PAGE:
Any aspect of life could influence a child custody decision. Courts always attempt to make these rulings in the child’s best interests. Therefore, they will scrutinize the lives of both you and your child. They will take everything into account from the condition of your home, the distance between you and the child’s school, your job schedule, and so on.
Health concerns are a big part of any custody decision. Whether is it you or your child who has health problems, the court will take these issues into consideration.
Here are some broad examples of how health problems can impact a child custody decision.
The Parent Has Health Problems
Courts want to know that kids are receiving the best care possible under the circumstances. If a parent has health issues, here are some issues the court will consider.
The Ability to Keep Up with the Kids
Kids require constant care and attention, and a chronically ill parent may be unequipped to give it to them. If you are transitioning into singledom, the court wants to see that you have the energy to meet your kids’ needs at home.
Moreover, they also have busy lives that they can’t always manage themselves. They have school, church, extracurricular activities, and so on. A parent’s chronic illness can have a direct impact on these important activities. Courts want to see that parents can meet a child’s social and educational demands.
It’s difficult for chronically ill people to maintain a steady job. Even when they can, they must take time off work for doctors’ appointments, treatments, and so on.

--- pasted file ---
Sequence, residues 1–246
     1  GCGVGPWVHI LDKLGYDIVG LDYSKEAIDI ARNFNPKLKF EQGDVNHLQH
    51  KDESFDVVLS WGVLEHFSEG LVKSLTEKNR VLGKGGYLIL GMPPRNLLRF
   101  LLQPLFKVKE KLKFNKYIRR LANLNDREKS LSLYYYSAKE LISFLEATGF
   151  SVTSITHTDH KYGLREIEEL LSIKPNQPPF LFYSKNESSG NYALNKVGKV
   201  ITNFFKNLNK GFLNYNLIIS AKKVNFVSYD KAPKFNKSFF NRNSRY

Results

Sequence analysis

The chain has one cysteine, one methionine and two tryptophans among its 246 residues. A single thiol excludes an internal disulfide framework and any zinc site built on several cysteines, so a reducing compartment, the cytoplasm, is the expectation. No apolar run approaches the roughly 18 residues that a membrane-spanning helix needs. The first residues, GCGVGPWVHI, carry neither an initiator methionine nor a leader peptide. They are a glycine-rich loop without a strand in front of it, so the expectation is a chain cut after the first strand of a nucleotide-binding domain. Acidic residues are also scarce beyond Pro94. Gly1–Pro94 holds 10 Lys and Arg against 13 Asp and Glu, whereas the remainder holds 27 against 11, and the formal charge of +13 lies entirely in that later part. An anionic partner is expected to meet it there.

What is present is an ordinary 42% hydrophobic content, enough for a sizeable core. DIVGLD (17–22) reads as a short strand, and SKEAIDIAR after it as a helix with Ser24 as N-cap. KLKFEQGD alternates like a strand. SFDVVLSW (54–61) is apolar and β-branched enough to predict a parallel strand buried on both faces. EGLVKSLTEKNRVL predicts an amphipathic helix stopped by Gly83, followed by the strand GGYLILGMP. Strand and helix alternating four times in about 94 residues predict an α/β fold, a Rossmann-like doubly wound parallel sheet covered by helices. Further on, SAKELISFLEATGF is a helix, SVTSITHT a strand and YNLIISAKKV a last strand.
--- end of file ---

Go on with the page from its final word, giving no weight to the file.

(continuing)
In some cases, they have understanding employers who give them room to take care of themselves, but these bosses also expect all the work to be done on time.
The court will consider anyone’s job schedule in a custody ruling, especially when necessary make-up hours keep parents from their kids.
Managing an illness can be like having a second full-time job. People see doctors regularly, and they need time to nurse themselves at home. As with all other scheduling concerns, courts want to see that you have time enough for the kids.
The Child Has Health Problems
Many of the same concerns listed above also apply when kids have special health needs. Here are some examples.
Health affects a parent’s schedule, but so does their child’s. They need to be able to take time off from work for appointments. Time at home is also important, as they will need to be available to meet the child’s needs.
A court will judge a parent’s fitness in being a caretaker. It wants to see that parents are equipped to handle the child’s needs. This will include their knowledge of the illness and the know-how to treat it.
In some cases, care extends to the home itself. Houses may require modification to make them more accessible to the kids. Even storage is important, as some kids always need medical supplies on hand.
Our firm is here to help parents negotiate fair child custody terms, regardless of the challenges involved. Contact Russell S. Hershkowitz, L.L.C. today by reaching out online or calling us at (407) 753-4111.